Strong business tax collections drive Tenn. revenues in March

Associated Press • Apr 12, 2007 at 9:54 AM

NASHVILLE - Tennessee tax collections were nearly $70 million higher than expected in March, the state Department of Finance announced Thursday.

Tennessee has collected $185 million more than originally projected since the state budget year began in July.

Finance Commissioner Dave Goetz acknowledged that March revenues were strong, but warned that the high collections might reflect businesses paying their taxes in advance of their April deadlines.

"We typically expect about 25 percent of total franchise and excise collections in April, but it is possible that some large corporations paid their tax liability early," Goetz said in a release.

For the first eight months the budget year, corporate taxes were over-collected by nearly $161 million. Franchise and excise taxes were $44 million above the projections in March.

Sales tax collections, by contrast, have come in nearly $49 million below the year-to-date expectations. Goetz stressed that the state's comfortable revenue situation is driven by corporate tax payments.

"The additional collections in Tennessee are not from an increased burden on individual taxpayers or even increased spending by individuals, but the additional revenues are coming mainly from large corporate taxpayers," he said.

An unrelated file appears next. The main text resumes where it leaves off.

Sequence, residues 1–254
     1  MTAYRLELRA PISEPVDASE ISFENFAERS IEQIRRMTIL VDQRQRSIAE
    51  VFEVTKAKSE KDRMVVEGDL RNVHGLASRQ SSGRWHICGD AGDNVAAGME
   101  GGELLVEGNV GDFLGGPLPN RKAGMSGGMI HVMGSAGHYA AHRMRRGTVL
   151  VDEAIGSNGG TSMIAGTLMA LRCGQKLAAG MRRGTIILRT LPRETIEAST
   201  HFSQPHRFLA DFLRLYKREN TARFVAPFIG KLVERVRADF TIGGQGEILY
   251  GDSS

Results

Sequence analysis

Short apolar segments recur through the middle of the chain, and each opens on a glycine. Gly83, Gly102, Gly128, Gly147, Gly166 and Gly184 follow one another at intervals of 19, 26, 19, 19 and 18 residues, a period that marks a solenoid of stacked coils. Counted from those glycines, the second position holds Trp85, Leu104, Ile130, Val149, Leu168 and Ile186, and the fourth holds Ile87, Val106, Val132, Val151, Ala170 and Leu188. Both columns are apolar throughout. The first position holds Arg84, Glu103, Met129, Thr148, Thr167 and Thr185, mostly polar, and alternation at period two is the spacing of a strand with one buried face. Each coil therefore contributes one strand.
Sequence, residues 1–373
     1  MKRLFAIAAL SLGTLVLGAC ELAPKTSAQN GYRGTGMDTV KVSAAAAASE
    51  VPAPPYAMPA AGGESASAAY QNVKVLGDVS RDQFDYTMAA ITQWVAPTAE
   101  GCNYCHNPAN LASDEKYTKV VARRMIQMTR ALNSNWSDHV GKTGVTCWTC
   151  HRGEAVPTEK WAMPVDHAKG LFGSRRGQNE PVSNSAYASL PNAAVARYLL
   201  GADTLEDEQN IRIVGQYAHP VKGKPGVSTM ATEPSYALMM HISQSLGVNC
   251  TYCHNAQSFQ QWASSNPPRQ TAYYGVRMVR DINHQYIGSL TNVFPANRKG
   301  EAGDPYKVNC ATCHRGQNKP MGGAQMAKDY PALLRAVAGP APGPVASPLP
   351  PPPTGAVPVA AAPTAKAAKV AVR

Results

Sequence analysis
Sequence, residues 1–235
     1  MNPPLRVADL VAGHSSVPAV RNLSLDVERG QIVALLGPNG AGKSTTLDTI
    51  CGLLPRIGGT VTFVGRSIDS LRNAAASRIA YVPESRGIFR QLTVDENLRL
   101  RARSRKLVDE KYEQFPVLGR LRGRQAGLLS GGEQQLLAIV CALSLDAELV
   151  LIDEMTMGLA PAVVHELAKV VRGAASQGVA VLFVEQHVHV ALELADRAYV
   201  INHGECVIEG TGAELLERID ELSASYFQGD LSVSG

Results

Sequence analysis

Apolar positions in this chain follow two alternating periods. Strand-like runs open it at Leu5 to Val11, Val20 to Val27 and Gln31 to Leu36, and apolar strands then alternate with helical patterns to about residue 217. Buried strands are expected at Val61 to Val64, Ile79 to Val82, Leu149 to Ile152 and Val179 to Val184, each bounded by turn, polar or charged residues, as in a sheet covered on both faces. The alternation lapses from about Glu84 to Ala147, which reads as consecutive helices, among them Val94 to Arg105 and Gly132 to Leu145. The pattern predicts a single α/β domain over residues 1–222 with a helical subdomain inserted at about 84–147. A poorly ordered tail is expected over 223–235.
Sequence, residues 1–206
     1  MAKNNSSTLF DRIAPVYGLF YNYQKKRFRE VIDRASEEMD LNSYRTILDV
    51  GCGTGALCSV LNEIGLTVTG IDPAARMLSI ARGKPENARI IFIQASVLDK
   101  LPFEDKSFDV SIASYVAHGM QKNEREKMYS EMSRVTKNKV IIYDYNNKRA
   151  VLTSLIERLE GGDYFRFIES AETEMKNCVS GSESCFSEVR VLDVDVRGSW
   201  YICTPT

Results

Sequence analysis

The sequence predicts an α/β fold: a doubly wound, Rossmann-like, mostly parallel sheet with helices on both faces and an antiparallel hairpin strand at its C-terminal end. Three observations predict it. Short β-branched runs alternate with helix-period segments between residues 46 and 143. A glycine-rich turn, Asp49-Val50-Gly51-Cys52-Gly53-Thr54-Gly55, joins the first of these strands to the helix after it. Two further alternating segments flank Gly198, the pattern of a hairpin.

Senate Republicans have been calling for tax relief measures after a string of strong budget years. But administration officials caution that revenue collections are due to strong franchise and excise tax collections, which are volatile and notoriously unpredictable.

Nevertheless, Senate Speaker Ron Ramsey has used the existence of an expected budget surplus as reason to push for a tax break this year. Ramsey, R-Blountville, is calling for up to a two-month sales tax holiday for food at the end of the year.

"Businesses don't pay taxes, people pay taxes," Ramsey said last week. "If you raise taxes on businesses they've got to pass it on in terms of higher fees, higher costs of services."

"So I'd rather give it straight back to the people than to back to the businesses, because I think that would do better to help those that pay the taxes," he said.

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